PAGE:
7 things you never knew about Robert De Niro’s surprising Irish roots
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7 things you never knew about Robert De Niro’s surprising Irish roots

Robert De Niro is about as Italian-American as it gets, right? Wrong!

Three of the iconic actor’s four grandparents had Irish ancestry – and ‘Bobby’ himself even hitched around our fair isle as a teenager in the 1960s.

Here are 7 facts you didn’t know about the Hollywood legend's Irish roots…

1. He’s more Irish than Italian

De Niro might be a dual US-Italian citizen, but the New York native (at least biologically) is a little more Emerald Isle than Gli Azzurri.

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Bobby’s father, Robert Sr, was half-Irish on his mother Helen O’Reilly’s side, while a number of Robert Jr’s own maternal ancestors were of Irish extraction.

Take that, Italia!

A young Robert De Niro with his half-Irish father Robert Sr (right)

2. His ancestors escaped the Irish Famine

Bobby’s granny Helen O’Reilly was 21 when she married his grandfather Henry De Niro – a second-generation Italian World War I veteran.

Helen was completely Irish by DNA – her own grandparents having left Ireland for America during the Famine era of the mid-19th century.

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Their names were Edward and Margaret O’Reilly, and John and Mary Burns.

Bobby with his late parents Robert Sr and Virginia Admiral, both famed artists

3. His half-Irish dad was a renowned artist

Robert De Niro Sr. was one of the most famous American abstract expressionist painters of the 20th century.

His work is included in dozens of museum collections – including the Kansas City Art Institute, Yale University Art Gallery, Smithsonian American Art Museum and the iconic Metropolitan Museum of Art in Manhattan (better known as The Met).

Bobby's mum Virginia Admiral was another celebrated painter (and poet), revered for her political activism against the Vietnam War and for the rights of poor people and artists.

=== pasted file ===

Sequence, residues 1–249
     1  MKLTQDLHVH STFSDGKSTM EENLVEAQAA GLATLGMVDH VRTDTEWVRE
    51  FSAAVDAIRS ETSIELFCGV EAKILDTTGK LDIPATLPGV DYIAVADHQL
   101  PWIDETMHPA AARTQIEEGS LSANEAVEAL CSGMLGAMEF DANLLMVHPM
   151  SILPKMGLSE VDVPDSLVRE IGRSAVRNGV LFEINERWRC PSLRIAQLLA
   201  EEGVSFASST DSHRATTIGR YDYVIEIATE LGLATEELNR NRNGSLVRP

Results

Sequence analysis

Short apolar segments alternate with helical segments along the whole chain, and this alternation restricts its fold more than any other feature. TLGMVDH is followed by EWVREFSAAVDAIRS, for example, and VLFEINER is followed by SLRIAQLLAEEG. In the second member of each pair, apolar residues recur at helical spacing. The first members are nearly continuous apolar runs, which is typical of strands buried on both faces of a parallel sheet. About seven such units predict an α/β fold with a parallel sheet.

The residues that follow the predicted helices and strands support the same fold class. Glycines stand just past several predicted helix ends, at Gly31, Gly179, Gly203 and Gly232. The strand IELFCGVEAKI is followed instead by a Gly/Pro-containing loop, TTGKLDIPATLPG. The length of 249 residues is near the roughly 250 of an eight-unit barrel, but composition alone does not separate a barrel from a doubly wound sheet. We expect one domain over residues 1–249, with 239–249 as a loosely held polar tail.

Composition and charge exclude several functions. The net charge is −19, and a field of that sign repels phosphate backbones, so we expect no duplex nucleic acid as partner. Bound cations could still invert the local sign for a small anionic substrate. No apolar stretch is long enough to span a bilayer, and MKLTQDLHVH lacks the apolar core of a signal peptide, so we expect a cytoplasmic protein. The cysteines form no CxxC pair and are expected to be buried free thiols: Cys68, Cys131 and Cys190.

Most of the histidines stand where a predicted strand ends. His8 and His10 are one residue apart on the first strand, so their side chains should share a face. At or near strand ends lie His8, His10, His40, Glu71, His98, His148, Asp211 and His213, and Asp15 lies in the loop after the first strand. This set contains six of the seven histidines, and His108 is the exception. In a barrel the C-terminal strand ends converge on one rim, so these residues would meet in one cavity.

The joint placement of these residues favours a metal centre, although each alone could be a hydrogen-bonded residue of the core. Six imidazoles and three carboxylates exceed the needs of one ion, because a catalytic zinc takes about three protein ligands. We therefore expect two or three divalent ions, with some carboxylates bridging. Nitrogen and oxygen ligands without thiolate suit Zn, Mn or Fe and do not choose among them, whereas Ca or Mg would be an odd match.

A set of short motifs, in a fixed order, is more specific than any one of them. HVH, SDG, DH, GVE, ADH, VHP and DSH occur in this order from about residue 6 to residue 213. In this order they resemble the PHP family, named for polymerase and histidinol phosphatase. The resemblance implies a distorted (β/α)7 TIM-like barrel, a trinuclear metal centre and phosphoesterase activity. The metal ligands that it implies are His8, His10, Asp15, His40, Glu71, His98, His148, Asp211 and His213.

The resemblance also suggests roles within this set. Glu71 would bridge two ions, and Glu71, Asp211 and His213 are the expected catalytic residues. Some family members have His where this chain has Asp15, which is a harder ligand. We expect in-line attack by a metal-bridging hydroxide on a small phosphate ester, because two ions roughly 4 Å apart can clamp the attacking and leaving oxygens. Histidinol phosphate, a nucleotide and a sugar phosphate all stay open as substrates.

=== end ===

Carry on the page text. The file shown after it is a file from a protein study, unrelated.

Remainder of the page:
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Robert with one of a number of iconic paintings produced by his doppelganger father (left)

4. His dad came out as gay in 1945

Robert Jr’s parents divorced when he was just two-years-old in 1945 – after his father announced that he was gay.

Obviously, this came at a time when homosexuality was widely frowned-upon, something which shaped Bobby’s famously liberal views.

Robert De Niro Sr’s trials and tribulations are the subject of the 2014 short documentary Remembering the Artist – in which "his life and career are chronicled in the artist's own words by his contemporaries" and his famous son.

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An infant Robert De Niro with his father after he came out as gay in the 1940s

5. He was secretly baptised a Catholic

De Niro was raised by his atheist mother in Manhattan, and his lapsed-Catholic father lived within walking distance.

Neither of De Niro’s artistic parents wanted their son to be baptised, but their own parents had other ideas.

Against the wishes of mum and dad, Bobby’s grandparents had him secretly baptized into the Roman Catholic Church while he was staying with them during his parents' divorce.

De Niro with his own family in more recent times
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6. He hitchhiked around Ireland as a teen

In 1962, a teenage Robert De Niro hitchhiked around the Emerald Isle for two weeks in a quest to track down his long-lost relatives.

"I hitchhiked from Dublin to Galway and took the ferry to the Aran Islands, then I went down through the south,” he said. “People gave me blankets for sleeping outside and I had breakfast with them in the morning. They were very friendly."

Sadly, he didn't come across any Irish family members, but later found relatives of his Italian grandfather in Campobasso – halfway between Naples and Rome.

De Niro (left background) in his first role on camera in 1965's Three Rooms in Manhattan

7. He’s to star as an Irish mob boss in 'The Irishman'

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De Niro is set to play organised crime boss Frank Sheeran in Martin Scorsese’s latest picture The Irishman – set to release some time in 2019.

Frank ‘The Irishman’ Sheeran [1920-2003] was an Irish-American mobster alleged to have been involved in the infamous 1975 disappearance and death of labor union leader Jimmy Hoffa.

The role will see Robert link up with long-time co-star and friend Al Pacino – who plays poor old Hoffa himself.

On set with Al Pacino filming The Irishman, set to release next year!